1 whole chicken, cut into pieces Flour for dredging 3/4 cup vegetable oil 1 1/2 cups all purpose flour 1 chopped onion 1 chopped bellpepper 3 stalks celery, chopped 1 bottle of beer and 1 cups chicken stock or water 3 cloves garlic, minced 2 tsp. thyme 1 bay leaf 2 T hot sauce Salt, cayenne and black pepper to taste 1 bunch thinly sliced green onions 2 tablespoons chopped parsley
11/21/2009 – Close your eyes and imagine your family's Thanksgiving table. I put good money on it that it includes Louisiana sweet potatoes. Dark orange and full of beta-carotene, we call them yams (from the West African word "djambi" meaning "to eat"). However, they're not really yams. Yams are long, tree-like tubers from Latin America with waxy bark-like skins. Needless to say, I doubt we'll stop calling them yams anytime soon. This time of year, they're great, they're everywhere and we're seeing more white sweet potatoes than ever before.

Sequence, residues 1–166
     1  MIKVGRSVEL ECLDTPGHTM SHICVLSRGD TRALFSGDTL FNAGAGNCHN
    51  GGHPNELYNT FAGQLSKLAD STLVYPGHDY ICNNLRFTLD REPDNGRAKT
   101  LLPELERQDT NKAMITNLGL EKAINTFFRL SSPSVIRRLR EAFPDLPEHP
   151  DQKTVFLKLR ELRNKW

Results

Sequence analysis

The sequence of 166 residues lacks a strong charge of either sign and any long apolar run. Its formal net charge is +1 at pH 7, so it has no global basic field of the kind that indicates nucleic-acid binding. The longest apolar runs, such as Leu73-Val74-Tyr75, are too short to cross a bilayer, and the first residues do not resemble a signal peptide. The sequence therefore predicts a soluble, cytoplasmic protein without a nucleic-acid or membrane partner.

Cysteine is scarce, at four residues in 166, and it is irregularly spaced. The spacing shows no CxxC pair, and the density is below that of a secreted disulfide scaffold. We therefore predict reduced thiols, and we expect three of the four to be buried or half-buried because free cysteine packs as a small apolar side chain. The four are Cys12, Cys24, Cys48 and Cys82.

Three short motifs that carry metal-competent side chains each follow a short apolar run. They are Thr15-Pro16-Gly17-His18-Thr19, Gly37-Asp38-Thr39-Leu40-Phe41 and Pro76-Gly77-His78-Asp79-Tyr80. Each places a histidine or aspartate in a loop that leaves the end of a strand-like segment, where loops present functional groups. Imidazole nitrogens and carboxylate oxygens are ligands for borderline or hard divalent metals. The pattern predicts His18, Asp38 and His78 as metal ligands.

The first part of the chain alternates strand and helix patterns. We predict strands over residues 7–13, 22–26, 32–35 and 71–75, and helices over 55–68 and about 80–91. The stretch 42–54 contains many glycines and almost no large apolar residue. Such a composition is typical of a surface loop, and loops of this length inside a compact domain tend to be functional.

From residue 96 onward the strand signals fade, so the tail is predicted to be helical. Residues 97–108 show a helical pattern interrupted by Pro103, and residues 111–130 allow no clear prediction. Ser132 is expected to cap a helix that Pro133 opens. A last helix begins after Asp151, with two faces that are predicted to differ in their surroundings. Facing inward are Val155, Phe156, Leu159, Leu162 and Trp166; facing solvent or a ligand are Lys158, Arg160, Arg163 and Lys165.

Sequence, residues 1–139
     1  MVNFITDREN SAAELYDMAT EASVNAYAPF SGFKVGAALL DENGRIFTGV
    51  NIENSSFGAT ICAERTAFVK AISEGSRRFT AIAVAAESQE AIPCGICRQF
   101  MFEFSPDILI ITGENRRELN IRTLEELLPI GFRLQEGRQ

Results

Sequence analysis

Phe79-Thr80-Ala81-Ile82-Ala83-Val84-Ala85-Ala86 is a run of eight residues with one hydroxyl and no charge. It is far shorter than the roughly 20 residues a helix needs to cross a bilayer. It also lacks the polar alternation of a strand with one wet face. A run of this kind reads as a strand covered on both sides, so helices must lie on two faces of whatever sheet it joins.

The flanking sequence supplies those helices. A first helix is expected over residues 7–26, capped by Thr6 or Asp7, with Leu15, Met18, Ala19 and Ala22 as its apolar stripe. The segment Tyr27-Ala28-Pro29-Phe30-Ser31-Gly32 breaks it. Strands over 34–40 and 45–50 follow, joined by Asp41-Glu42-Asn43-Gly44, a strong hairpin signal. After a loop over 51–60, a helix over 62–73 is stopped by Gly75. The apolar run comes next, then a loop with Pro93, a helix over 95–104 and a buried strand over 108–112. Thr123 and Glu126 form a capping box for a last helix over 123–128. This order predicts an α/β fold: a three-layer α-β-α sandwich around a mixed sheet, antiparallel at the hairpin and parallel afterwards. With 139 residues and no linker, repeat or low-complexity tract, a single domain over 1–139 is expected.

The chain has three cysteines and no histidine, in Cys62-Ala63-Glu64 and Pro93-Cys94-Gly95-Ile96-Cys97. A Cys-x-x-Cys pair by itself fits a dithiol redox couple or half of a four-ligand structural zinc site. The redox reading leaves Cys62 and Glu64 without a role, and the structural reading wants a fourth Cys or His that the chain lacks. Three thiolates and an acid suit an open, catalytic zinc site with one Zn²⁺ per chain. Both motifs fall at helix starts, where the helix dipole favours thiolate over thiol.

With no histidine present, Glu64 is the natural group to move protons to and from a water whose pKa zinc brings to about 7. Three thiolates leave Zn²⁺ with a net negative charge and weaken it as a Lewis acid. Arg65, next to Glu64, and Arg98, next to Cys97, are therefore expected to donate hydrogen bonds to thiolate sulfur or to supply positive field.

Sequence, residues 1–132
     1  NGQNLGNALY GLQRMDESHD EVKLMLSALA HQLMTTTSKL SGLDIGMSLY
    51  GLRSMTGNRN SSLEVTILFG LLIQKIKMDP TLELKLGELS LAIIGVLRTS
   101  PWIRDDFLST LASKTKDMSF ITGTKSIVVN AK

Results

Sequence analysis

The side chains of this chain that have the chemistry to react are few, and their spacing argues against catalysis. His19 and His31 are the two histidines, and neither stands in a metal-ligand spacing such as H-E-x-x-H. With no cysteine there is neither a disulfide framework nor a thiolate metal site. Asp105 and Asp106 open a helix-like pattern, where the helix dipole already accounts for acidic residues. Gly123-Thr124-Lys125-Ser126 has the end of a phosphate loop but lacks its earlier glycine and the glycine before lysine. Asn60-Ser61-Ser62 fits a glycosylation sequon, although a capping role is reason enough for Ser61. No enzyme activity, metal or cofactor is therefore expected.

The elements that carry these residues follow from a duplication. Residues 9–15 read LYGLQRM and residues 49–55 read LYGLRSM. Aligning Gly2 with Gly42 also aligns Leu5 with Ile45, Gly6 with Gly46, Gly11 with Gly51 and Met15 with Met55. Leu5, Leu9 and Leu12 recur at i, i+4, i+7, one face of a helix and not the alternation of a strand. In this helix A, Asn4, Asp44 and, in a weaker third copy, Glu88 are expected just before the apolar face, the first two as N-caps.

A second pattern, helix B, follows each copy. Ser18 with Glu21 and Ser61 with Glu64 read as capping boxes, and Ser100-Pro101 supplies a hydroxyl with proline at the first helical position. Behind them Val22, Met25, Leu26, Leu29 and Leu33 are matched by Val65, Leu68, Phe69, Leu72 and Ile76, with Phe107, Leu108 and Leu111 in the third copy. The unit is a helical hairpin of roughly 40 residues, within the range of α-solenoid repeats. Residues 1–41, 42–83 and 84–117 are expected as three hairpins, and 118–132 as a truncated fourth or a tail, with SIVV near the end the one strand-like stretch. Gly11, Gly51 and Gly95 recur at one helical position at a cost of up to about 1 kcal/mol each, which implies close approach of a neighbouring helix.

Over the past hundred years, German surnames have been associated with meats, dairies and bakeries throughout Southeast Louisiana. One German name market shoppers associate with good flavor is Schexnayder, makers of traditional cured meat products.
You'll find them roasting and sampling in a number of area markets. Consider a quick drive to the Wednesday German Coast Farmers Market in St. Charles Parish to meet the Schexnayders on their home turf selling alligator sausage, hogs head cheese, and even beef jerky.
Times-Picayune culinary sleuths Marcelle Bienvenu and Judy Walker are helping local foodies rebuild post-Katrina — one recipe at a time. They stopped by the WWNO studios to talk to our Diane Mack about their latest project: Cooking Up a Storm.
Recipes from Cooking Up A Storm, reprinted with permission from editors Marcelle Bienvenu and Judy Walker